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  • Author or Editor: Jaime Molina-Ochoa x
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Low organic matter in soil is a large problem in crop production around the world because it affects physical, chemical, microbiological, and morphological properties. On the other hand, regions with agro-industry generally generate waste that can cause some level of contamination. Therefore, it is necessary to find some use for this kind of waste. This study was done to evaluate the effect of lemon industrial waste on tomato (Lycopersicum esculentum Mill.), growth in a saline soil. The experiment was conducted under greenhouse conditions. Soil samples were taken from 0- to 20-cm depths at the El Chococo ranch, located at 18°47'N and 103°55'W. Four treatments were imposed: 0 (0), 600 (1), 1200 (2), and 1800 (3) m3/ha. Soil in treatments was incubated at ambient temperature for 40 days. Tomato seeds were germinated for 30 days and later transplanted to plastic bags containing treatments. After transplant, tomato plants were grown during 40 days, after which was measured: high plant, dry and fresh weight, aerial, and radicular biomass and foliar area. Treatments were distributed under randomized design, and Tukey's (0.05) separation means was performed. Organic matter, pH, and CE in soil before treatment application was 1.01%, 8.5, and 7.6 dS/m respectively (in 1:5 soil: water ratio). After application, OM increased until 3.7% in treatment 3. pH and CE decreased to 5.5 in treatment 2, and 1.57 dS/m in treatment 0. All data measured in plants had the highest values in treatment 1, and all plants died in treatment 0. We believe that is necessary to do this experiment in the field to obtain additional data.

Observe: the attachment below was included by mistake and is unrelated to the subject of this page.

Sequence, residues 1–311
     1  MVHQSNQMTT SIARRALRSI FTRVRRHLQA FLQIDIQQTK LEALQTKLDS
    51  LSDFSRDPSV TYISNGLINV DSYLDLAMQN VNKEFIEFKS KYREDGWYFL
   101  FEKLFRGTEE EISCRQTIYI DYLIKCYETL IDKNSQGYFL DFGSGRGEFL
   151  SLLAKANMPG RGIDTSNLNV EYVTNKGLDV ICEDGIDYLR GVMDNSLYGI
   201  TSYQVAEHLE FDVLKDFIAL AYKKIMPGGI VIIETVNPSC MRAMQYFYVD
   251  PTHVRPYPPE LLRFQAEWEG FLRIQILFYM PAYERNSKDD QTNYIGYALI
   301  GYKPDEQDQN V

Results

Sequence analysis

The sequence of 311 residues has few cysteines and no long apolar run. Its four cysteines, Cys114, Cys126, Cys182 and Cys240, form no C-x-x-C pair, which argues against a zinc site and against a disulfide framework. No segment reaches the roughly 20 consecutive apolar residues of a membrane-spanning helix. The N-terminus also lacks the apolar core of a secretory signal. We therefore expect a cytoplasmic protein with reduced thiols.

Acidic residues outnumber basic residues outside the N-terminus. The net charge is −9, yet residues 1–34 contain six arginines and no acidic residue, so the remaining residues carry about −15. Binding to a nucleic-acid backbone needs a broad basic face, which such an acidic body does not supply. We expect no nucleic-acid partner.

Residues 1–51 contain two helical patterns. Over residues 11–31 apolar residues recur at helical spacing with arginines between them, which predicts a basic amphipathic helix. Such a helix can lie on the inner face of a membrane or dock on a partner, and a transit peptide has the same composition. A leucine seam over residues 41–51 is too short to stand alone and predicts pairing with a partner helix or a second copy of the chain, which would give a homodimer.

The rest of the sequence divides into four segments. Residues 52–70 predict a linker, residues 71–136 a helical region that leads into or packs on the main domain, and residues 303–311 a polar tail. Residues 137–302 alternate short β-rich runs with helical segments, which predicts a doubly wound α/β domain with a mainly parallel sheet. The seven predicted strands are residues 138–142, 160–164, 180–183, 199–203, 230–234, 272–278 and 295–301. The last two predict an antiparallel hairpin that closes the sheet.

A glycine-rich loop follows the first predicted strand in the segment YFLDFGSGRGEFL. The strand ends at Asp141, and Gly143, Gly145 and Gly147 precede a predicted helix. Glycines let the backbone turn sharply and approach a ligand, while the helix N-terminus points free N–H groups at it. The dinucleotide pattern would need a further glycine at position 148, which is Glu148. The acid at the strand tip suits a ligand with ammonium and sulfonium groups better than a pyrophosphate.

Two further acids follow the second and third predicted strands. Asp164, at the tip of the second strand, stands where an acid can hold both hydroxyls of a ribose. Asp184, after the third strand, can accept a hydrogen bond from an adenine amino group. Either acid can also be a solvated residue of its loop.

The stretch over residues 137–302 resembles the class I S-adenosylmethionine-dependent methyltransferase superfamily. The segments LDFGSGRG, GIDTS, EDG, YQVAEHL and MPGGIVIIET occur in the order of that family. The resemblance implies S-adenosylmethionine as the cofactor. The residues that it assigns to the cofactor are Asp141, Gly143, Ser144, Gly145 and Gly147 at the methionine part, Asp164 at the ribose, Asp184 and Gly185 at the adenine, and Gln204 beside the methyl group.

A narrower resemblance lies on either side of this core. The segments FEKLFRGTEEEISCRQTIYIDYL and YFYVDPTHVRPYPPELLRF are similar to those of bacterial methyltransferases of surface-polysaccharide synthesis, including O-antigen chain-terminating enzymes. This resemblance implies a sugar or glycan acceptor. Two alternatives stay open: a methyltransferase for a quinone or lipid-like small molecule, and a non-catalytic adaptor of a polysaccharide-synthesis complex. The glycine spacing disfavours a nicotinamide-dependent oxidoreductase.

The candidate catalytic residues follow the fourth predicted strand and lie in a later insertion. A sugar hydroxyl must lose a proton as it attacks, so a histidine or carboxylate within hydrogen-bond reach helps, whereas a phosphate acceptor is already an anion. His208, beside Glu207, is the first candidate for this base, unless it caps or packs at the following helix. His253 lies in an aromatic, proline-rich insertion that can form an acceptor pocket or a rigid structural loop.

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Scyphophorus acupunctatus is the main pest of Agave tequilana. Its adults are vectors of Erwinia carotovora, which causes plant destruction. The susceptibility of S. acupunctatus larvae to various strains of entomopathogenic nematodes has been demonstrated previously (Molina et al., 2004). In the current paper, the use of seven different concentrations: 0, 10, 20, 50, 100, 200, and 500, of infected juveniles per larva in petri dishes containing a filter paper against Steinernema carpocapsae strains All, Ca, and Fl, and also against native insolated N1, N2, N4, belonging to the genera Steinernema sp. The studies were conducted under laboratory conditions to determine the susceptibility of S. acupunctatus larvae to entomopathogenic nematodes. One hundred percent mortality of S. acupunctatus larvae was achieved by S. carpocapsae strains All, Ca, and Fl with exposure to 100 infected juveniles. In the case of native isolates, N2 registered 95% mortality, and for N4 and N1, mortality registered was 75%. An analysis of variance was conducted in order to determine whether strain or isolate had the highest virulence against S. acupunctatus larvae. Means for S. acupunctatus larvae by entomopathogenic nematodes presented significant differences (F = 57.01; df = 55, 223; P < 0.0001), resulting in two levels. At the first level, S. carpocapsae All, Fl, and Ca are statistically the same as isolate N4. At the second level, the isolates N4 and N1 are statistically the same. The results indicate the high susceptibility of S. acupunctatus larvae. The infectivity of native isolates as well as S. carpocapsae strains All, Fl, and Ca are associated with the symbiotic bacterium Xenorharbdus sp., suggesting they have potential for use against S. acupunctatus larvae.

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